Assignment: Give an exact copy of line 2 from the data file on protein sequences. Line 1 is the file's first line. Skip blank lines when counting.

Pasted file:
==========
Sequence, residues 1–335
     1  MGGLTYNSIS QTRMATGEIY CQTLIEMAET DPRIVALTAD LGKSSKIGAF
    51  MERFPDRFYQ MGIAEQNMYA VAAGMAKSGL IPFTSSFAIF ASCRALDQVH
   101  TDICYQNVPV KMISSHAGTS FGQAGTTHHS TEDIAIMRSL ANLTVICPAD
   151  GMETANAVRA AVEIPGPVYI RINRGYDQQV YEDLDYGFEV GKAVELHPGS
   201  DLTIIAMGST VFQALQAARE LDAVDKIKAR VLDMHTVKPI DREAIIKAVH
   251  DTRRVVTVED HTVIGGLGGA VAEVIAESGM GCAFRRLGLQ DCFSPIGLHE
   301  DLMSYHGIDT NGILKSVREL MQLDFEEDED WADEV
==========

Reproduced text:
     1  MGGLTYNSIS QTRMATGEIY CQTLIEMAET DPRIVALTAD LGKSSKIGAF